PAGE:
"Our World Has Changed - Stop Hiding Under The
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Yet, if we ask those same 100 people how many of them are prepared
to pay for music, almost all of them will disappear. If we then
ask them what I consider is the important question: How many of
them consider music to be a significant factor in their life (i.e.
they buy the record, download everything there is on the Internet,
legal or illegal, free or for a price, buy the concert ticket, travel
to see the band, buy and wear the T-shirt so they can identify themselves
as part of the “tribe”), we would then have less than
1 in 100.
In fact, we would have 1 in 280.
The truth of the matter is, the average person is passive about
the music – they are content to hear it on the radio and catch
a glimpse of it on television. This isn’t pie-in-the-sky philosophizing;
the facts speak for themselves.
Thirty years ago when home taping (let alone Internet piracy and
illegal downloads) was the stuff of sci-fi movies, the platinum
album was established as the benchmark for extraordinary success
in our business. In the U.S., that’s 1 million sales in a
country that has 280 million people in it. In the U.K., it’s
about the same ratio of 300,000 sales in a population of 80 million.
It’s not much is it? To give some comparison, the same benchmark
for extraordinary success in the movie business is to do $100 million
at the box office. At today’s ticket prices, that is probably
an average of 12 million people seeing the latest film. There may
be 12 million people listening to our record but as we can see,
we’re lucky if there are 1 million paying for the privilege.
The average person does not give a fuck about music. This was not
lost on Ahmet Ertegun or Bill Graham, which is why they built businesses
based on jazz fanatics and what music obsessed hippies really wanted
It was not lost on Perry Farrell when he created Lollapalooza for
Generation X and it wasn’t lost on Sharon and Ozzy when they
created Ozzfest for metalheads. It wasn’t lost on Richard
and Stefanie Reins at Drive Thru or Kevin Lyman, Rick Roskin and
Darryl Eaton when they created Warped for a new generation of punk
rock kids, and it wasn’t lost on Barry Hogan when he created
All Tomorrow’s Parties.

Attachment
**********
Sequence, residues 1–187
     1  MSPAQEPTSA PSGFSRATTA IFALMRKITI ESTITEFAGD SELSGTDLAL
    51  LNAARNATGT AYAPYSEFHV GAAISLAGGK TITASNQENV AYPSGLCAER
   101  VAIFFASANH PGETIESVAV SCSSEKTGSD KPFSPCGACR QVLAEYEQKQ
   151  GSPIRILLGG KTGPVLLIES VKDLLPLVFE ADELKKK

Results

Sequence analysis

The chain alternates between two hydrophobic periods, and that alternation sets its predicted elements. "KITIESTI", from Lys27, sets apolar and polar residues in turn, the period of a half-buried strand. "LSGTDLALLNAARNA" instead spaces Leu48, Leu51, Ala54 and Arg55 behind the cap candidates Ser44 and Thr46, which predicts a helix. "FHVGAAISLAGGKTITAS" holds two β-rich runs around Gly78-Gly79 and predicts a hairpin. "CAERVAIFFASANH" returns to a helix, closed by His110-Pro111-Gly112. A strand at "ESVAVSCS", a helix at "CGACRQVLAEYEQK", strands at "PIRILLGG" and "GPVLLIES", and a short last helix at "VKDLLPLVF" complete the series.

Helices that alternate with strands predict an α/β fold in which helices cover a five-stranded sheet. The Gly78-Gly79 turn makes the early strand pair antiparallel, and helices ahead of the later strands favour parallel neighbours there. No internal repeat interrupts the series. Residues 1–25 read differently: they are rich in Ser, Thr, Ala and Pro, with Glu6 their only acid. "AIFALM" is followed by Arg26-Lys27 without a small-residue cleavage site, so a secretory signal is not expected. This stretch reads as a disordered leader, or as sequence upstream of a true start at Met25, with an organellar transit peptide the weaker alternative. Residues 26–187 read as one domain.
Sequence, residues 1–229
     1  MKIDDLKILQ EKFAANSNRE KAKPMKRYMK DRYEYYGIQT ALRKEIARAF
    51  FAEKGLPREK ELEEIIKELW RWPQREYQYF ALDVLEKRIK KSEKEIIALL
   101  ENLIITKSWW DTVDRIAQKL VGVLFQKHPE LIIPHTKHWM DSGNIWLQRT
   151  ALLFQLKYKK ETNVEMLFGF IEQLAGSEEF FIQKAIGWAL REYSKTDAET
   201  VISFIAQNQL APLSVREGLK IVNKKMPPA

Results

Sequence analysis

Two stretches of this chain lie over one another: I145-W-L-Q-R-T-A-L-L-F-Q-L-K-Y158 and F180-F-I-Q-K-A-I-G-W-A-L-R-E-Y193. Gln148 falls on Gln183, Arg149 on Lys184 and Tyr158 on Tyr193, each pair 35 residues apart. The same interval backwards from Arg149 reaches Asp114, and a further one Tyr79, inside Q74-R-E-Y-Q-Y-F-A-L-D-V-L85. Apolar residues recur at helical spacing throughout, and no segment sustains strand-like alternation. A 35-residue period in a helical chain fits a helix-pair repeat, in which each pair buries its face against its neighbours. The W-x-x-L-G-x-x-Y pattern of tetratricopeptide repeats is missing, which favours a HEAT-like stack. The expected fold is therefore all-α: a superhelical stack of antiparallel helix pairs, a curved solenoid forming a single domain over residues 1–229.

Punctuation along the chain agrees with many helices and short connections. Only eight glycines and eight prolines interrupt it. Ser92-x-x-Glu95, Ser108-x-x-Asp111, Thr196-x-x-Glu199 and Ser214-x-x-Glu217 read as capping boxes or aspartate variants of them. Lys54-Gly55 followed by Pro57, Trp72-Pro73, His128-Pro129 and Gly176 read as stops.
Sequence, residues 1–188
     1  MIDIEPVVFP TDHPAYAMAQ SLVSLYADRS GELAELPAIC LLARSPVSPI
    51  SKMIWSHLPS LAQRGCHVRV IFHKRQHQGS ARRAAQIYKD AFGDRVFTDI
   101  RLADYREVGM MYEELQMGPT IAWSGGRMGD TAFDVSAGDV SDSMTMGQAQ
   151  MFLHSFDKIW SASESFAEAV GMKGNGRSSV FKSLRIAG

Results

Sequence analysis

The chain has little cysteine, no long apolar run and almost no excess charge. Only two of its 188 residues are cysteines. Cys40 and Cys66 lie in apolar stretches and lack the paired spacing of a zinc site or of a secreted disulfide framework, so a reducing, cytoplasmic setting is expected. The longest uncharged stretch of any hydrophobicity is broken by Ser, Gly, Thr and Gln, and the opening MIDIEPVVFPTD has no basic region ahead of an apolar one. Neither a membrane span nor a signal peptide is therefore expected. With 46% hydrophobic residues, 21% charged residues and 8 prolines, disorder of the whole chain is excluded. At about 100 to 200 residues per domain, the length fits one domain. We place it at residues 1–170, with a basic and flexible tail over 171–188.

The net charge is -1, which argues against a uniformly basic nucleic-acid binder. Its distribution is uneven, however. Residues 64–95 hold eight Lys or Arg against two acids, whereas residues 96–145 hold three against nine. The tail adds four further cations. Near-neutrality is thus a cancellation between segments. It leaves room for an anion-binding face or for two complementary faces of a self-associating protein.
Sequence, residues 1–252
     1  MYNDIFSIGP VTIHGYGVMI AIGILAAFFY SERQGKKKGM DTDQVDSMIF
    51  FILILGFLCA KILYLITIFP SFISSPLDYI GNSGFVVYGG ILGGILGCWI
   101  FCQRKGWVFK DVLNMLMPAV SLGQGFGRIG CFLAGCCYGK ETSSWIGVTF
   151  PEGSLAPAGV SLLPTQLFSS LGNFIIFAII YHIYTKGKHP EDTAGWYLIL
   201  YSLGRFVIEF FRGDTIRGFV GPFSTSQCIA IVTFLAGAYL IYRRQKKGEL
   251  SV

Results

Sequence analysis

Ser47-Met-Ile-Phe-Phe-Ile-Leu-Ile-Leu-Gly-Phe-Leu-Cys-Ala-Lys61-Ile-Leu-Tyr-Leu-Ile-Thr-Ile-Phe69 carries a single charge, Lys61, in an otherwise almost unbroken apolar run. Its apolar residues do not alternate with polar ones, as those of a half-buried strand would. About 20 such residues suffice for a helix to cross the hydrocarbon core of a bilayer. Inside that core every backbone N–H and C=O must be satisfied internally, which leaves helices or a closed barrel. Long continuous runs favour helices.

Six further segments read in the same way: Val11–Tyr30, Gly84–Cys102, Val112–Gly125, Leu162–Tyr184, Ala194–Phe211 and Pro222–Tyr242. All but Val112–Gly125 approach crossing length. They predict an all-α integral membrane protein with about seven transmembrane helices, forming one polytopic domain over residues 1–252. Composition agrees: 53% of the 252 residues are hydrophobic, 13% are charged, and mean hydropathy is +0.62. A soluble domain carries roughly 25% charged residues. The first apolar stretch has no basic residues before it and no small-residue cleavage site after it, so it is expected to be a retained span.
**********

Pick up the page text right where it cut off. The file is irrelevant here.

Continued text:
Nor is it lost on me or any of my colleagues at Sanctuary as we
work with established artists and develop new talent for people
that really care about music.
It is only logical that our business and every aspect of it should
focus on that person that considers music to be central to their
The landscape is very different today from the one I started working
in. Twenty years ago, there were 30 great artist development houses
or labels that – regardless of the size of their rosters at
any one moment in time – each had five priorities,
so you had 150 artists in play across the industry at any given
Everyone knew that there wasn’t room for 150 bands on the
radio and everyone knew there wasn’t room for 150 bands on
television so the emphasis had to be on building the relationship
between an artist and a core audience that was
enthusiastic about music.
You had to take an innovative approach to marketing and effort was
possibly the most important component beyond great music. You hoped
that you could make a band so important to its core audience that
the wider media would pay attention and you could then cross it
over into the mainstream, but the economic model was never based
on crossover success – that was just cream on the cake.
The economic model was based on the core audience and therefore
you could afford to cross over and then cross back again without
having to sacrifice your integrity or your core audience. You had
acts like the Blue Oyster Cult, that four albums into their career
could hit the pop charts with “Don’t Fear The Reaper”
or Lynyrd Skynyrd with “Sweet Home Alabama,” and then
continue with business as usual before waiting for another six albums
and six years later when they would hit the pop charts again and
then cross back over and continue on for another 20 years.
You could develop careers of artists selling 1 million records around
the world every time you released a record and go out on tour for
100 shows and sell some merch and keep that faith between the artist
and the audience alive without ever having to trouble radio or MTV.
The emphasis was on playing live, press, marketing, and effort and
the target was always the music fanatic.
Those 30 labels also had an ethos, something that all great companies
used to have but is rarely seen or thought about today. There was
a big difference between Columbia Records and Island Records and
an “Island artist” would probably not be caught dead
on Columbia and vice versa. Aesthetics were important.
Even sister labels like Columbia and Epic or Warner and Reprise
had a marked difference because, at the end of the day, how you
did business had a big impact on which artists, managers and agents
you did business with. Today, those 30 labels are now four labels
and even though they are run by some great record men and women,
their economic model dictates that they have to focus on those three
or four records a year that are capable of selling 5, 6, 7 million
records-plus in order to keep the lights on.
There is no ethos and there are no distinguishing features so it
all comes down to money. Not only do those labels have to sell the
5, 6, 7 million records to keep the lights on but in order to get
there you have to fast track those records to success via
radio and MTV before you ever have an opportunity to develop a relationship
between the artist and an audience of music enthusiasts, i.e. their
core audience before you cross over.
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